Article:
It’s been slow going here. Still suffering with insomnia so I haven’t trusted myself to do too much sewing. I felt kind of energetic today so I thought I’d get the collar and cuffs attached, at least.
This is really nice, medium-heavy rib knit that I ordered from Pacific Trimming. It’s the perfect weight for a light jacket but not heavy enough for an outerwear jacket.
I am glad it’s starting to come together. Hopefully tomorrow I will feel up to attaching the waistband then I will have to set this aside for a bit, which I *hate* to do but I’m doing a sew along in the Hot Patterns FB group and our deadline is Thanksgiving! I don’t like starting something new before I finish but I’m so anxious to wear this jacket so I think it’ll be okay. 🙂
In the past when I’ve sewn with leather, I’ve used paper clips or binder clips to “pin” things together. I bought these cute little Clover clips on a whim awhile ago – I think they are for quilting – and they worked so perfectly here!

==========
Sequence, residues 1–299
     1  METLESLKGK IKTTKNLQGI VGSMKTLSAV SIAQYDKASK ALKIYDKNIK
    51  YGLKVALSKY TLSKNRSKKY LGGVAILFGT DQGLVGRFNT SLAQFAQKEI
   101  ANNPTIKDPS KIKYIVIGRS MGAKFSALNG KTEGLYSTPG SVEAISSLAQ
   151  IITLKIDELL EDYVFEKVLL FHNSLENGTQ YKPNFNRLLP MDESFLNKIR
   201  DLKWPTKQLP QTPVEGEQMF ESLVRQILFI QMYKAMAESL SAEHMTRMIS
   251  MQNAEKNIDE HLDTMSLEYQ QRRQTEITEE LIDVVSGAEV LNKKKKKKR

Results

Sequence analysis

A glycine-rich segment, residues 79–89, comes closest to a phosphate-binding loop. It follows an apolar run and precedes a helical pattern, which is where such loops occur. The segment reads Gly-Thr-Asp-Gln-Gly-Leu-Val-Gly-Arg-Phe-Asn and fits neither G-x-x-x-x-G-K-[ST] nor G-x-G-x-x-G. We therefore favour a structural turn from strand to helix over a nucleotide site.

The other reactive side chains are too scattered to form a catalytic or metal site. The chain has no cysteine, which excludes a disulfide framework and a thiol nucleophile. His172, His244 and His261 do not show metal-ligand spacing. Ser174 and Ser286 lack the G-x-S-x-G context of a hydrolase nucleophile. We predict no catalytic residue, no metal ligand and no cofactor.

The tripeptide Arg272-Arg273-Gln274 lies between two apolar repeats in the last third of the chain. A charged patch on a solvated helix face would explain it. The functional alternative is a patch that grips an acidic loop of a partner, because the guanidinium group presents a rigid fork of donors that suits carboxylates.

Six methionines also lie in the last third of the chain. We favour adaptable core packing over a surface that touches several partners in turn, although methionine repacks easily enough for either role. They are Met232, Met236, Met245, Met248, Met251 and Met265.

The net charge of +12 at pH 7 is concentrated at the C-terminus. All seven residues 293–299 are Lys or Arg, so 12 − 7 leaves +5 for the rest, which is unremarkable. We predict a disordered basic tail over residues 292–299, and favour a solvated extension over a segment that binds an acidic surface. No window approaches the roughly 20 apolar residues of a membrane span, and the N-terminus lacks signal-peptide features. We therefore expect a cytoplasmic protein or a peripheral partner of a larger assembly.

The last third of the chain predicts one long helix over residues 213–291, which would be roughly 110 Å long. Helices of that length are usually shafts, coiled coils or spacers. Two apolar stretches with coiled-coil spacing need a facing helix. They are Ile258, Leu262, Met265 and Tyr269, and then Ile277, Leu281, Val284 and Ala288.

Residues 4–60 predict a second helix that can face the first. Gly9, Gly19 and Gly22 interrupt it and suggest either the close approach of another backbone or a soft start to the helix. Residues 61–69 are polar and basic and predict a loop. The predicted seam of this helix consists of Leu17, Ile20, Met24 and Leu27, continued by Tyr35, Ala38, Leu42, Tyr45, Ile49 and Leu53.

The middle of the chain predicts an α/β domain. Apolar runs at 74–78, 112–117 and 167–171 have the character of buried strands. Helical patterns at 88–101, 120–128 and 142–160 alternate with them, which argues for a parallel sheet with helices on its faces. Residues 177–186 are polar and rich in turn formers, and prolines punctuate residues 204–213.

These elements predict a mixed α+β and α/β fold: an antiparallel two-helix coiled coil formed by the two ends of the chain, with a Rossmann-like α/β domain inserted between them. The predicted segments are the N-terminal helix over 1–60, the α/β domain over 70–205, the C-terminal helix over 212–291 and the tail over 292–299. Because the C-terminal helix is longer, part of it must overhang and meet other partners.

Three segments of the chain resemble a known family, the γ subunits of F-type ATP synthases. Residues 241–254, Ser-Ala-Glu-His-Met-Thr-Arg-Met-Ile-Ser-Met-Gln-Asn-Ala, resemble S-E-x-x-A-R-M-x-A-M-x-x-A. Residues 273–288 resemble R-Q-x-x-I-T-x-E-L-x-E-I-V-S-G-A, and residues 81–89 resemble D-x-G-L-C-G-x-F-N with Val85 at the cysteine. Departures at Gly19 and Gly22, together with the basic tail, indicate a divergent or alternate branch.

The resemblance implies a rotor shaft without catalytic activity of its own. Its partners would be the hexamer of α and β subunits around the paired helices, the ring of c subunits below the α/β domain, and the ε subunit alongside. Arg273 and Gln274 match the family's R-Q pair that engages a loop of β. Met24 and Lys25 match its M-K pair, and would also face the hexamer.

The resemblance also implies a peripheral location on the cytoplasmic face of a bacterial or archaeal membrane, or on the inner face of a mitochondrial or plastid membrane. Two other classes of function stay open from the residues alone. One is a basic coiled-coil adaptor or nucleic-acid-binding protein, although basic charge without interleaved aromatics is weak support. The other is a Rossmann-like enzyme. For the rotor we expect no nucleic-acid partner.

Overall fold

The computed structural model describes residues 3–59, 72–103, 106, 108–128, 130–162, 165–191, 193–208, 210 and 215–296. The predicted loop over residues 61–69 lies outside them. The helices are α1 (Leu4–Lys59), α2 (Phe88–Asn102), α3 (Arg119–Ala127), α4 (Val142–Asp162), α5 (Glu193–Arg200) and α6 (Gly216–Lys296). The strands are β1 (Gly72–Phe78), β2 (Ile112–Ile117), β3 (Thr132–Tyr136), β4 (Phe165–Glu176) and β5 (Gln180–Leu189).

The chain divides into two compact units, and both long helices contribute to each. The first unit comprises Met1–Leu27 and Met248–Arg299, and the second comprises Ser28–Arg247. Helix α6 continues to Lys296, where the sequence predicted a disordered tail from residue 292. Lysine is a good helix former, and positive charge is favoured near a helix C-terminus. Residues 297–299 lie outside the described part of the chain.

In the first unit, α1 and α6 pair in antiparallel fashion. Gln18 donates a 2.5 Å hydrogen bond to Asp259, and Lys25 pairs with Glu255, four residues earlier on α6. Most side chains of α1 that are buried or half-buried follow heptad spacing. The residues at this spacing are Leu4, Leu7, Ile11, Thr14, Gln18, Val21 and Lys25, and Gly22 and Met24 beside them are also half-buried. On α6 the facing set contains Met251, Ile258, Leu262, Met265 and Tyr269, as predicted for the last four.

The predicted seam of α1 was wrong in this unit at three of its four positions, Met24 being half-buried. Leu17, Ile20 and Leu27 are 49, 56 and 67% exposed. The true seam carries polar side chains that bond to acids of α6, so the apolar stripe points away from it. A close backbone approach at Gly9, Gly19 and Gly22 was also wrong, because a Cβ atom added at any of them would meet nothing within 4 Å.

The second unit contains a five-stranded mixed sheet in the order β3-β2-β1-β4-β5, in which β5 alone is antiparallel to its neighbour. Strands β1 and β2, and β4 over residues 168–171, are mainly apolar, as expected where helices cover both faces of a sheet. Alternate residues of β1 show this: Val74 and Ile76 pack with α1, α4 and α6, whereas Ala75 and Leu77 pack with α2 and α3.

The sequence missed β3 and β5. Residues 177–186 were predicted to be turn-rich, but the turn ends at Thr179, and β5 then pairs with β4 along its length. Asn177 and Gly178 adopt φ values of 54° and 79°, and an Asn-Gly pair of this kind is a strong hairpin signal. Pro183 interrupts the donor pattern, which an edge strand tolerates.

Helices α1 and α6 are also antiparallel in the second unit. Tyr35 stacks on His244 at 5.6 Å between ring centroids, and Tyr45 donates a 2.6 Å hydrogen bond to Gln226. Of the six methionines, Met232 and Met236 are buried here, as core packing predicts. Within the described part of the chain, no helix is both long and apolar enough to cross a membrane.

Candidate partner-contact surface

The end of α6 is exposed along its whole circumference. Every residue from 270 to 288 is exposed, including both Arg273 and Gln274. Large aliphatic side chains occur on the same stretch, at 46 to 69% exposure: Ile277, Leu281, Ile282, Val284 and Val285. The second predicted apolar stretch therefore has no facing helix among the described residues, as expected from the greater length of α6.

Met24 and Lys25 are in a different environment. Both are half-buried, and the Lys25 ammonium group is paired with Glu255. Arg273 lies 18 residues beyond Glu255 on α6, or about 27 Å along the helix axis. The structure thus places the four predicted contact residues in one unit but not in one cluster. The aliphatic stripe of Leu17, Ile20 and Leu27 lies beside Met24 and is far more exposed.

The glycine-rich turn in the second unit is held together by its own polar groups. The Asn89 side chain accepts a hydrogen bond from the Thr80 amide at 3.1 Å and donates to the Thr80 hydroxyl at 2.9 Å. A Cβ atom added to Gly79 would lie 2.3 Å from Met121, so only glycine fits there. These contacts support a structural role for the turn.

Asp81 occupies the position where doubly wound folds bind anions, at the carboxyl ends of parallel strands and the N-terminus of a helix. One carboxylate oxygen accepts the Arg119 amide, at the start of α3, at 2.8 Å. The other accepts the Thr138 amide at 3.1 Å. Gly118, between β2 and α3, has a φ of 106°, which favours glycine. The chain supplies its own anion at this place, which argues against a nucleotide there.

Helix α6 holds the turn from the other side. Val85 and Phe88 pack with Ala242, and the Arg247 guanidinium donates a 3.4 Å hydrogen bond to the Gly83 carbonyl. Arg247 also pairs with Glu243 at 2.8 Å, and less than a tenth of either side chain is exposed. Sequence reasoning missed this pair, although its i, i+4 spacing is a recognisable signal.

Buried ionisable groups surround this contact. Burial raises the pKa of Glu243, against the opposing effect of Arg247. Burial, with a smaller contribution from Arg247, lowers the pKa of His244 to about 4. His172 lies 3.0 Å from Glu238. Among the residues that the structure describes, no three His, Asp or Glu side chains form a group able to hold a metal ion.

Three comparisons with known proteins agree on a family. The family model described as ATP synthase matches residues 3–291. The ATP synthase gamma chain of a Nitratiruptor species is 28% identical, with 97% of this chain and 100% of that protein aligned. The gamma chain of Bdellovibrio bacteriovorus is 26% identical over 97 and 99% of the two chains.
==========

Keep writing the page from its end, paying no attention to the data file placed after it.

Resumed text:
Not a lot has been happening in the sewing room this past week. Work has been really busy and I’ve been suffering with insomnia, ugh. I don’t like sewing when I’m tired because I just end up making mistakes that I have to fix later.
I did manage to stitch my sleeves to the back and fronts yesterday. I glued down the leather seam allowances and catchstitched the fabric seam allowances. It was nice doing a bit of hand work while watching Ratched on Netflix. I’m not removing the basting but you could if it bothers you.
Next up, I’ll be installing the zipper – as soon as I figure out where I put it.
I took a day off from work today to work on my jacket. This year I find myself in the unusual situation of having a lot of PTO that I’m going to lose if I don’t use it. I’m sure many of you are in the same boat!